Overcome with heartache, Gina began to moan. Bent over, holding her womb, she couldn't believe she had actually had an abortion. After a long, tearful pause, she continued, "Just as quickly as it had happened, everyone seemed to forget about it. My parents never talked about it. They were furious when they found out that I was still seeing Joe. They never let up on their negative comments about him. Things were not so good between Joe and me either. We were always fighting. I was so depressed and did not know how to handle my feelings. I was too ashamed to talk about the abortion with my friends, and my parents made me promise not to tell anyone."

As her story unraveled, I saw many signals of complicated mourning. Anger and hurt filled Gina's heart. There was grief, too — tremendous grief — over a dead baby who would never be there to offer joy and hope. Anything related to babies made her cry: baby showers, diaper commercials, even children. Everything triggered relentless heartache. There was a wound in her soul that would not stop bleeding.

Though Gina's family had been nominally Christian, religious faith did not hinder their desire for an abortion. Her parents had believed that by insisting on abortion they would save her from a life of poverty and tribulation with a man they did not believe could love or support their precious daughter. Joe already had a child whom he was not supporting. They feared for her future with such a man.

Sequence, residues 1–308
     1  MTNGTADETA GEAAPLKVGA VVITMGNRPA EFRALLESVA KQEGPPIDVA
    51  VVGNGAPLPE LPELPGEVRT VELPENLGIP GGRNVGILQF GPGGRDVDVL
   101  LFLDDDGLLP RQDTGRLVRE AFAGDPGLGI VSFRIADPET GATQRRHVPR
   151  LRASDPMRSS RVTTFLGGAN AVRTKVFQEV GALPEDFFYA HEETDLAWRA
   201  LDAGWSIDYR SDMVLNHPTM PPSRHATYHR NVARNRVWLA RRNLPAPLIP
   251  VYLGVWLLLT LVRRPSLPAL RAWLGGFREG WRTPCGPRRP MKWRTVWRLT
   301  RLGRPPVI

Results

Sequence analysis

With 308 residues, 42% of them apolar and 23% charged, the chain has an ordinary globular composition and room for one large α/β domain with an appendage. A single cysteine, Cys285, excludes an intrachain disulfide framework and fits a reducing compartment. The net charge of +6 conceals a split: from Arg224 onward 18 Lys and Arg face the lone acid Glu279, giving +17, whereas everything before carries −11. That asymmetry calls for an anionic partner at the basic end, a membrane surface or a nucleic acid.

Now the future was here. Her self-esteem crumbled, depression was a constant companion, and her parents watched sadly as a negative transformation robbed them of the daughter they knew.

Gina joined our support group and also came for individual therapy. Once in treatment for post-abortion trauma, she became able to express some of her feelings. She was enraged at her parents for not being able to accept her pregnancy. They just wanted to get rid of the problem. She also felt angry at Joe for not protecting her and the baby. But since it was her own parents who wanted the abortion, Joe put the blame back on Gina.

Gina had been in deep psychic pain. Caught between loyalties — toward her parents, Joe, and her unborn child — Gina was immobilized and unable to process her own feelings about the event. In a developmental sense she was stuck. She had not been given permission to grow up, have a baby, and become a mother. Her desire for independence and adulthood had been frustrated by her unsuccessful attempt to break her emotional reliance on her parents, who had always been so vital in her life. When she aborted her child, her embryonic womanhood had been aborted too. The result of the abortion was that she had become emotionally immobilized and uncertain. The loss of her child was an unprecedented assault on her sense of identity. Because she could not carry out the role of a protective mother, she felt an extraordinary sense of failure. In a state of severe depression, Gina was incapable of making decisions, powerless to assert herself, and unable to love.